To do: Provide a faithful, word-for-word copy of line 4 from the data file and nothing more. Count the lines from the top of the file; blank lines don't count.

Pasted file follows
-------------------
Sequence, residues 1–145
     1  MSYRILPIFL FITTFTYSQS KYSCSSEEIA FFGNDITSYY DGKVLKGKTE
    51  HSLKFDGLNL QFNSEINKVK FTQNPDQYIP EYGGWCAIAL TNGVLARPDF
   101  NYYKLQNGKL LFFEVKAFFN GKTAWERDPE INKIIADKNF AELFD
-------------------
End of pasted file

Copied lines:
   101  NYYKLQNGKL LFFEVKAFFN GKTAWERDPE INKIIADKNF AELFD